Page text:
Sherlock Holmes - Chapter I - The Curse of the Baskervilles.
Mr Sherlock Holmes with his deer hunter
Mr. Sherlock Holmes, who was usually very late in the mornings,
those not infrequent
occasions when he was up all night, was
the breakfast table. I stood upon the
and picked up the
which our visitor had left behind him the night before.
It was a fine, thick piece of wood, bulbous-headed,
of the sort which is known as a "
Just under the head was a
nearly an inch across. "To James Mortimer,
from his friends of the C.C.H.
," was engraved upon
it, with the date "1884." It was just such a stick as the old-fashioned family
used to carry -
solid, and reassuring.
- M.R.C.S. : Member of the Royal College of Surgeons
- C.C.H. : Charing Cross Hospital
Now You Read
"Really, Watson, you
," said Holmes, pushing back his chair and lighting a cigarette. "I am
to say that in all the
which you have been so good as to give of my own small
you have habitually
your own abilities. It may be that you are not yourself
but you are a conductor of light.
Some people without possessing genius have a remarkable power of
it. I confess
my dear fellow, that I am very much in your debt
"Has been in the habit of carrying this stick behind his
Being a heavy stick the dog has held it tightly by the middle,
and the marks of his teeth are very plainly visible.
The dog's jaw, as shown in the space between these marks,
is too broad in my opinion for a terrier
and not broad enough for a mastiff
It may have been - yes, by Jove
it is a curly-haired spaniel
He had risen and paced
the room as he spoke. Now he halted
in the recess of the window. There was such a ring of
in his voice that I glanced up
"My dear fellow, how can you possibly be so sure of that?"
"For the very simple reason that I see the dog himself on our very
and there is the ring of its owner. Don't move, I beg you, Watson. He is a
of yours, and your presence may be of assistance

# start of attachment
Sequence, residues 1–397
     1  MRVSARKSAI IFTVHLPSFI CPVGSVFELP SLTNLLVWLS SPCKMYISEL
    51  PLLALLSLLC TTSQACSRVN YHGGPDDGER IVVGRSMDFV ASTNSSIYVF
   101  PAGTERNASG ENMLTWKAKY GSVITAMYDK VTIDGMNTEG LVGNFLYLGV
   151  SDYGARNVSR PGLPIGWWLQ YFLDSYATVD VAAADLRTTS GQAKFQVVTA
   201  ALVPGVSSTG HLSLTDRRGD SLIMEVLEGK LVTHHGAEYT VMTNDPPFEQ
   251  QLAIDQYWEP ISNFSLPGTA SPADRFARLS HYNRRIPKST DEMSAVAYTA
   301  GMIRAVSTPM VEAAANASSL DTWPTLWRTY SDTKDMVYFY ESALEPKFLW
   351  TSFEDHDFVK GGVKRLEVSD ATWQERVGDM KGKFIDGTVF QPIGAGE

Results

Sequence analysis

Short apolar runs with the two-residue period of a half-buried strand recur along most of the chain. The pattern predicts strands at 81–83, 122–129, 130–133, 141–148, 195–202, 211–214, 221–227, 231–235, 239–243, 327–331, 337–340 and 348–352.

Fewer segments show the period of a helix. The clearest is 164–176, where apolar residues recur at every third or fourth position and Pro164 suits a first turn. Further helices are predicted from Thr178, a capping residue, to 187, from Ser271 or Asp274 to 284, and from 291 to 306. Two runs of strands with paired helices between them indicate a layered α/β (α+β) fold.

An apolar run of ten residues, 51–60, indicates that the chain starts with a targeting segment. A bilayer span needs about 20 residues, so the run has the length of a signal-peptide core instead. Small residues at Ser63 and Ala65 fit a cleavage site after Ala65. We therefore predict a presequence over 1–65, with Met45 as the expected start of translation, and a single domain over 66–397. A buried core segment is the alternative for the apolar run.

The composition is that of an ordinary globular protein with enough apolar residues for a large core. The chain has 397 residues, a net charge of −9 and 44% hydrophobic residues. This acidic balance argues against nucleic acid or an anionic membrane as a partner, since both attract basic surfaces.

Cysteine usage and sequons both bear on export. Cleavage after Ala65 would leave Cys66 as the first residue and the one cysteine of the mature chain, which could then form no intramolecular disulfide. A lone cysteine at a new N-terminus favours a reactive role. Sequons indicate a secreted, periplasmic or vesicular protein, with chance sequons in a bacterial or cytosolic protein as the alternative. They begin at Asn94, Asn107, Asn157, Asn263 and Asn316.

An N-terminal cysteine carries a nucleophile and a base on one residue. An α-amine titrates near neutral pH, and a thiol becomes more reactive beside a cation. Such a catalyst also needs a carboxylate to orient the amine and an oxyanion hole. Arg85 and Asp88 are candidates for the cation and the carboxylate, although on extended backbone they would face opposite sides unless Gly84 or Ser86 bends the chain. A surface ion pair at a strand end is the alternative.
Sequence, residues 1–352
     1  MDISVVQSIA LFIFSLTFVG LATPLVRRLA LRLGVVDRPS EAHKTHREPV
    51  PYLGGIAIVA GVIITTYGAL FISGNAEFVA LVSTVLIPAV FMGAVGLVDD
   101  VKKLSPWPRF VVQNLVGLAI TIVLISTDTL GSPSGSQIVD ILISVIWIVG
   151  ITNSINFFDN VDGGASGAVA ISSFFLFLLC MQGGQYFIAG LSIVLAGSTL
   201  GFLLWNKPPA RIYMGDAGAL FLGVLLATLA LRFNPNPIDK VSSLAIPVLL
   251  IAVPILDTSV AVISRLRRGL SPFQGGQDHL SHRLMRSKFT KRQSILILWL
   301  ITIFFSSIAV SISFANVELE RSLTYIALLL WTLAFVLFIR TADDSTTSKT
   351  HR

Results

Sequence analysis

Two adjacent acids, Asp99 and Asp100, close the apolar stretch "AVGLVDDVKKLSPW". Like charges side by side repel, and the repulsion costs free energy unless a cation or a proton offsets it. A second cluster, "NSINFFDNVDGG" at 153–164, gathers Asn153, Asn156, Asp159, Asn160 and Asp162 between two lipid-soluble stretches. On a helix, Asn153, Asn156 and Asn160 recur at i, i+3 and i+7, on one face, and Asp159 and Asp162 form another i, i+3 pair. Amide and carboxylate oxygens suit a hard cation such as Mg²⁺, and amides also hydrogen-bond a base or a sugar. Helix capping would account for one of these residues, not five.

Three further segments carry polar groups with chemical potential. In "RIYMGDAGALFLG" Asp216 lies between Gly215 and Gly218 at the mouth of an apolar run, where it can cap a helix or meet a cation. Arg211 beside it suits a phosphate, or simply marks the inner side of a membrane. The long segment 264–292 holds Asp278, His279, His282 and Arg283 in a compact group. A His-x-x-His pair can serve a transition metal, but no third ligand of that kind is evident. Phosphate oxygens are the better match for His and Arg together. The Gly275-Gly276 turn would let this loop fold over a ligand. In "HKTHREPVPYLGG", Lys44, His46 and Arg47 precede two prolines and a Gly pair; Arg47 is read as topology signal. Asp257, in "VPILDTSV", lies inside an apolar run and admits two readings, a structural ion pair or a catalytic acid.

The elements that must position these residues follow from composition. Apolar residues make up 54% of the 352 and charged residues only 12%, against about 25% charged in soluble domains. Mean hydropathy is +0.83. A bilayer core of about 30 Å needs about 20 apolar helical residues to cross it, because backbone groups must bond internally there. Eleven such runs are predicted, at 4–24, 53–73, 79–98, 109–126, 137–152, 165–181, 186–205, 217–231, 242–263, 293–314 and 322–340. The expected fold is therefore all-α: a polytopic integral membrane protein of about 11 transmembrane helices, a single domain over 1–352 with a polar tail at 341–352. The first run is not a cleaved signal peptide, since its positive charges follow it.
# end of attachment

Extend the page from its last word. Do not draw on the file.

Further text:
Now is the dramatic moment of fate
Watson, when you hear a step upon the stair which is walking into your life,
and you know not whether for good or ill
What does Dr. James Mortimer, the man of science, ask of Sherlock Holmes, the
? Come in!"
The appearance of our visitor was a surprise to me,
since I had expected a typical country practitioner.
He was a very tall, thin man, with a long nose like a
which jutted out
between two keen
set closely together and sparkling
brightly from behind a pair of gold-rimmed
glasses. He was clad
in a professional but rather slovenly
fashion, for his frock-coat
and his trousers frayed
Though young, his long back was already bowed, and he walked with a forward
of his head and a general air of peering
As he entered his eyes fell upon the stick in Holmes' hand,
and he ran towards it with an
of joy. "I am so very glad
" said he. "I was not sure whether I had left it here or in the
I would not lose that stick for the world."
1 - Questions
- What is the meaning of 'not infrequent'? Can you give me another word for it?
- What is the grammatical term for expressions like 'not infrequent'`?
- Give me another word for 'hearth'.
- Do you know the difference between 'to carry' and 'to wear'?
- What do you do when you excel yourself? e.g. in an exam.
- Which word ( s ) could you use instead of 'habitually in this sentence?
"I am bound to say that in all the accounts which you have been so good
as to give of my own achievements you have
HABITUALLY underrated your own abilities."
- Is this sentence a compliment or a slight insult?
"It may be that you are not yourself luminous, but you are a conductor of light."
- This is what Sherlock Holmes said to Dr Watson.
Does it mean Sherlock Holmes owes money to Dr Watson?
"I confess, my dear fellow, that I am very much in your debt."
What is the meaning of 'conviction' in this sentence?
There was such a ring of conviction in his voice that I glanced up in surprise.
(Paragraph 3 and 4)
- a strong opinion or belief
- someone who is officially found to be guilty of a particular crime
- the feeling or state of being annoyed
Was the man's nose very noticable?
He was a very tall, thin man, with a long nose like a beak,
which jutted out between two keen,
grey eyes, set closely together and sparking brightly
from behind a pair of gold-rimmed glasses.
Can you give me another word for "clad"? Was he clad in fashionable clothes?
He was clad in a professional but rather slovenly fashion, because his
frock-coat was dingy and his trousers frayed.
Can you describe the man's appearance with your own words?
Though young, his long back was already bowed,
and he walked with a forward thrust
of his head and a general air of peering benevolence.
Was Holmes' head round or rather long?
"Mr. Holmes. I had hardly expected so dolichocephalic
a skull or such well-marked supra-orbital development"
What comes closest in meaning to "running a finger along"?
Would you have any objection
to my running my finger along your parietal fissure?
- What is the meaning of 'cast' in that sentence?
A cast of your skull, sir, until the original available,
would be an ornament to any anthropological museum.
- an actor in a film
- Did Mr Mortimer admire Sherlock Holmes for his skull?
If so, which words tells you that?
It is not my intention to be fulsome, but I confess that I covet your skull.
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